As blank-eyed men hacked away lives with machetes and women packed families on trucks to flee with their lives, 45,000 Kenyan soldiers sat on their guns.
The lounge act within the barracks as ethnic killings and displacements raged outside was enough to give Paul Kagame, the president of Rwanda — who rose to power 13 years ago after the rebel army he commanded put an end to a bloody genocide — reason to pause.
“It might not be fashionable and right for the armies to get involved in such a political situation,” said Kagame, in a recent interview with Reuters.
It is a break with an unwritten rule that, in Africa, you dare not whisper an army by name.
“But in situations where institutions have lost control, I wouldn’t mind such a solution.”
An amoral, under-paid Kenyan police force has mailed in its response to Kenya’s meltdown.
The rule of law has been ceded, in absentia, to gangs with nothing better to do than loot and murder.
Though a shaky order has now been restored, a mood of impunity has been allowed to set within the fabric of Kenya like an ignored stain.
Helpless masses have done what any of us would do, looked to authority for protection.
With the police showing disdain for doing much, other than marching through Nairobi streets in well-armed packs — a visual definition of an “asymmetrical response” if ever there was one, all eyes fell on the army as a force to restore order.
But the grunts were not ordered, or allowed, to intervene. Few were surprised at this.
Remember, you dare not whisper the name of the state-funded usurpers of thrones and backers of dictators. Let the tiger sleep, lest he become hungry when woken.
Indeed, presidential hopeful (and, many would argue, an architect of some of the post-election violence) Raila Odinga, ignored the brigades at home, calling for a peacekeeping force to be summoned either from the United Nations, or the African Union, which in 2005 created a standing force for just such emergencies.
No men and women in blue helmets arrived, though, even as the body count shot up from 600 to 1,000 in the space of two weeks and US Secretary of State Condoleezza Rice prepared a diplomatic way to browbeat Kenya (its key African ally in its “War on Terror”) without actual sanctions.
In his desire to force peace on Kenya rather than wait for it, Kagame has unveiled a very Kenyan, and — let’s be frank — very African problem.
Few leaders here see the soldiers they entrust to guard borders or send abroad as peacekeepers in disproportionately high numbers as agents of the state to be used to protect people from themselves.
The men at the helm are too consumed with protecting themselves from their own army’s designs. Despite being the sexiest sounding of all political terms, the coup d’etat is the reason.
Between 1951 and 2001, only three African countries — Botswana, Cape Verde and Mauritius — could count themselves free of a coup or an attempted one.
Political power is beholden to the gun in Kenya as elsewhere in Africa, and those holding guns are unpredictable.
Seeking to control the rogues but necessary loose canons in the barracks and pave the way for stability, the history of the Kenyan military, which has never had to fight a war, is a narrative of emasculation.
An attempted mutiny within the military in 1964 prompted president Jomo Kenyatta to raise pay and improve working conditions to pacify passions.
In 1971, an unorganized coup attempt from its ranks saw Kenyatta, again, improve conditions but also strip the post of minister of Defence, resting complete control of the force in the president.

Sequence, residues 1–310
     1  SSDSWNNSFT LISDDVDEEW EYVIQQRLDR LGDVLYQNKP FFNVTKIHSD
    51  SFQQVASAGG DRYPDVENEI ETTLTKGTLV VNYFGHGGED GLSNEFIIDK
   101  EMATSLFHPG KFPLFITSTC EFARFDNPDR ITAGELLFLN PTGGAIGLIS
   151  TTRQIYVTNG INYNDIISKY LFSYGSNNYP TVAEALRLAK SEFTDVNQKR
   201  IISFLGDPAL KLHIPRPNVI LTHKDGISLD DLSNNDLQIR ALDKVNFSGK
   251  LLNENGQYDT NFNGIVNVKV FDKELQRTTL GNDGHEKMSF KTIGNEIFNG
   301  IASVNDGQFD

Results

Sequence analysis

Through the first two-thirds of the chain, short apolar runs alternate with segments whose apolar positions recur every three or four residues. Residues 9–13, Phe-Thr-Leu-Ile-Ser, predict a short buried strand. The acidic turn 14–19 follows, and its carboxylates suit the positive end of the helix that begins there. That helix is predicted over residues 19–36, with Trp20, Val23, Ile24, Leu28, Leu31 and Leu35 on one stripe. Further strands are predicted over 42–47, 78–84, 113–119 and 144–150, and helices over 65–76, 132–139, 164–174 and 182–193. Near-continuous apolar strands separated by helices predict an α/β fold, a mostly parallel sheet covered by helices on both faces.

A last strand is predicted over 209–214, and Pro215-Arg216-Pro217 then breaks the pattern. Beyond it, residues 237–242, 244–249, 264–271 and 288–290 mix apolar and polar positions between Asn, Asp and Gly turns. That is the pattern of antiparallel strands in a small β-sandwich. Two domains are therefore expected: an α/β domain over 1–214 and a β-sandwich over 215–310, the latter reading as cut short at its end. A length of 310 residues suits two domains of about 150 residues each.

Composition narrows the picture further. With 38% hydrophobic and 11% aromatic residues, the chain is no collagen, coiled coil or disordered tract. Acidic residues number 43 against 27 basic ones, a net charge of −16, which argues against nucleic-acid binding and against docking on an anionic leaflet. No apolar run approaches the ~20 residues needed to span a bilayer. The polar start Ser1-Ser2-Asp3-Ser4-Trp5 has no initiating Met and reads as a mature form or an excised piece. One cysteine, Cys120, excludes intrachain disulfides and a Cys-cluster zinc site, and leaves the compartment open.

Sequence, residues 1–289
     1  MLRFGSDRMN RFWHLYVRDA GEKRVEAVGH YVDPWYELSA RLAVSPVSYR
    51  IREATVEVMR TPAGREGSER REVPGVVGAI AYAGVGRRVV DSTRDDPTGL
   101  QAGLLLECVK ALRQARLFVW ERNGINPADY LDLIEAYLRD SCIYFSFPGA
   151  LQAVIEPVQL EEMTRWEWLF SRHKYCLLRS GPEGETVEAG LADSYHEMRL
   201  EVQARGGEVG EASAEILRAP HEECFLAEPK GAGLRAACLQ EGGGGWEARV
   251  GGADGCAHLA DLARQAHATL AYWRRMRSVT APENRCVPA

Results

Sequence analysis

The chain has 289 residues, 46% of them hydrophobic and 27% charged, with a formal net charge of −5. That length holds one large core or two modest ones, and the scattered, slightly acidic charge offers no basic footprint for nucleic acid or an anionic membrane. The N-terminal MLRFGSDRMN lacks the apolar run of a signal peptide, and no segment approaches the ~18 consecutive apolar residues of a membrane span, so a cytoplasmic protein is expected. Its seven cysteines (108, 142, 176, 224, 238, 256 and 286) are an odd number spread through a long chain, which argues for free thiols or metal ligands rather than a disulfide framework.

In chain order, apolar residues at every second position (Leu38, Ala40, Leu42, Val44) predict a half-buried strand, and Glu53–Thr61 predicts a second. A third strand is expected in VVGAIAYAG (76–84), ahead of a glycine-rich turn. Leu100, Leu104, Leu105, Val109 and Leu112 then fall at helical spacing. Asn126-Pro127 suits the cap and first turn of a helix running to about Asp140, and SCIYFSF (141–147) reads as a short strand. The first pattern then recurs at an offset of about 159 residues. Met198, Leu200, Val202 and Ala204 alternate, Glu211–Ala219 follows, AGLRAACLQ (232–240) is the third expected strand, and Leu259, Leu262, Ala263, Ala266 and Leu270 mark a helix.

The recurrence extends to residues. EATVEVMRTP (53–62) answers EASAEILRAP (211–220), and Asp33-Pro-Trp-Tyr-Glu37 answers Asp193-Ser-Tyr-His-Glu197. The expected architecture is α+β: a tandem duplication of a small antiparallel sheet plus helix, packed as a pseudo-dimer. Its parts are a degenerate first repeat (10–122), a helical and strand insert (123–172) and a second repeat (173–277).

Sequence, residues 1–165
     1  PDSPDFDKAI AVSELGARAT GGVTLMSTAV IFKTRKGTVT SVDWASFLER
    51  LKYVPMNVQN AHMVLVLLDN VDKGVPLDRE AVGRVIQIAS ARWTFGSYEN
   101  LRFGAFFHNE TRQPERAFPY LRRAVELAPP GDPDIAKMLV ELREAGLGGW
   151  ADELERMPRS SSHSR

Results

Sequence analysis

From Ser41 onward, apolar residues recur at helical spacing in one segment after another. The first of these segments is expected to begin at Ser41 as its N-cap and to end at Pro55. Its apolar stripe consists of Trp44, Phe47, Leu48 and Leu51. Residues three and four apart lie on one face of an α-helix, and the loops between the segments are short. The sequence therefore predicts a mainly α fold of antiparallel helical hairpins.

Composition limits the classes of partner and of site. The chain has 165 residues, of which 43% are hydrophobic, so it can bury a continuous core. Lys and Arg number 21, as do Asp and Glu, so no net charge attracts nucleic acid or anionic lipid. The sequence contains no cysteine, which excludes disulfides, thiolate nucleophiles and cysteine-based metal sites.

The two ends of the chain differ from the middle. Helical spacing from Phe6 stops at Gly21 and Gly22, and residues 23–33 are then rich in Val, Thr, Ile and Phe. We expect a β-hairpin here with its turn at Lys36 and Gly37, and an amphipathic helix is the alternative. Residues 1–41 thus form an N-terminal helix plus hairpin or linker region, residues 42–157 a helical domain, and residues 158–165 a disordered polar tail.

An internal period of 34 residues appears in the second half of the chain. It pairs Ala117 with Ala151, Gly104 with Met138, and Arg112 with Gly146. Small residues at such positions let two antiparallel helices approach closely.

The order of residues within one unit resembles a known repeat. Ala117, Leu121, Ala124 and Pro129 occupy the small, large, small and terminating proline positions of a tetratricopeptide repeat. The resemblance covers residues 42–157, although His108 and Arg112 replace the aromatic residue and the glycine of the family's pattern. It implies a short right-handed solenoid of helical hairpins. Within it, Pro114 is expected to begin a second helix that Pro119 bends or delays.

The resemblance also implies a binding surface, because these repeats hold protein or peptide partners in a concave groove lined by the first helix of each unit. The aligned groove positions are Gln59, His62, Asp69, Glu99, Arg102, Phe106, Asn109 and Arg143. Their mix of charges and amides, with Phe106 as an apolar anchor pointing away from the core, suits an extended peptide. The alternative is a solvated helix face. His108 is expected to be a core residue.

That proved useful a decade later.
At midnight on August 1, 1982, a startling announcement crackled over the airwaves of Voice of Kenya radio, as members of the air force contended they had overthrown Daniel arap Moi’s government. They were defeated six hours later.
More than 900 were jailed, including Odinga, who was alleged to be involved.
Dozens were hanged.
Moi, as the commander-in-chief of the military, snapped his fingers and ordered the entire air force disbanded.
To counter any remaining political designs within the army, the Kenyan police force was swollen and allowed to sprout paramilitary wings, like the feared General Service Unit.
They wear camouflage uniforms and report directly to the president.
Moi’s dictatorship was to be one cloaked in democracy, not khakis. But armed soldiers who lack purpose are never a good long-term strategy.
So Moi meddled with the ranks. Ethnicities loyal to him were put into key posts. Institutions key to him were placed under protection of the army.
In fact, there is a barracks across the street from my apartment, sited with Orwellian strategy — “Those who control the past control the future” — beside the government television broadcaster, KBC, which for decades has force-fed propaganda to the people.
When I run out of beer at inconvenient moments, this barracks serves as a bar of last resort.
My well-connected apartment security guards, plied with a $1.50 tip, trudge past the walls topped with razor wire and return, covertly, with warm beer, bottled exclusively for soldiers at half the price we civilians pay.
Keeping the grunts happy is easier when they’re suitably softened.
One can only assume the unseen soldiers who (presumably) live within the walls next to my house were roused into action in defense of KBC in 2002, when Moi ceded power to president Mwai Kibaki and hundreds marched on the propaganda station to throw mud at it.
What hasn’t happened inside the walls, as seen from my birds-eye perch, is revealing.
There has been no bugle call for reveille, trucks massing at the gates or faces made stern by a mission to protect the country from itself.
Like so many others on this continent, the Kenyan army is about keeping power, from forces outside and within, nothing more.
Even Kagame must now realize that protecting people is outside its mandate.
Tim Querengesser is a former Yukon News reporter now writing in Kenya.